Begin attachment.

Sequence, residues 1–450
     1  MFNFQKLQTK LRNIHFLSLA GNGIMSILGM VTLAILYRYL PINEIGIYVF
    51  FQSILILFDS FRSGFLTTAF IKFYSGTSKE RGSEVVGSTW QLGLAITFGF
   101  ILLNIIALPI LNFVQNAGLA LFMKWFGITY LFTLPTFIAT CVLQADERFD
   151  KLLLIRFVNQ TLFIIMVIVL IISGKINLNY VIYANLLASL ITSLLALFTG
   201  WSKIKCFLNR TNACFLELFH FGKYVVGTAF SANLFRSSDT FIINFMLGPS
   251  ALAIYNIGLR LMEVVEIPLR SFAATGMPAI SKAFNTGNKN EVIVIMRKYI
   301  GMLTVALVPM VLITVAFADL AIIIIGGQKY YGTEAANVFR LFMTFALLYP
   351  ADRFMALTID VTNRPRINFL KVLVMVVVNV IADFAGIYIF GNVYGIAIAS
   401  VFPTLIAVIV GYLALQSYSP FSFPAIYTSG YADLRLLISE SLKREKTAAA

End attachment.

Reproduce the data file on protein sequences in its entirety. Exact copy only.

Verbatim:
Sequence, residues 1–450
     1  MFNFQKLQTK LRNIHFLSLA GNGIMSILGM VTLAILYRYL PINEIGIYVF
    51  FQSILILFDS FRSGFLTTAF IKFYSGTSKE RGSEVVGSTW QLGLAITFGF
   101  ILLNIIALPI LNFVQNAGLA LFMKWFGITY LFTLPTFIAT CVLQADERFD
   151  KLLLIRFVNQ TLFIIMVIVL IISGKINLNY VIYANLLASL ITSLLALFTG
   201  WSKIKCFLNR TNACFLELFH FGKYVVGTAF SANLFRSSDT FIINFMLGPS
   251  ALAIYNIGLR LMEVVEIPLR SFAATGMPAI SKAFNTGNKN EVIVIMRKYI
   301  GMLTVALVPM VLITVAFADL AIIIIGGQKY YGTEAANVFR LFMTFALLYP
   351  ADRFMALTID VTNRPRINFL KVLVMVVVNV IADFAGIYIF GNVYGIAIAS
   401  VFPTLIAVIV GYLALQSYSP FSFPAIYTSG YADLRLLISE SLKREKTAAA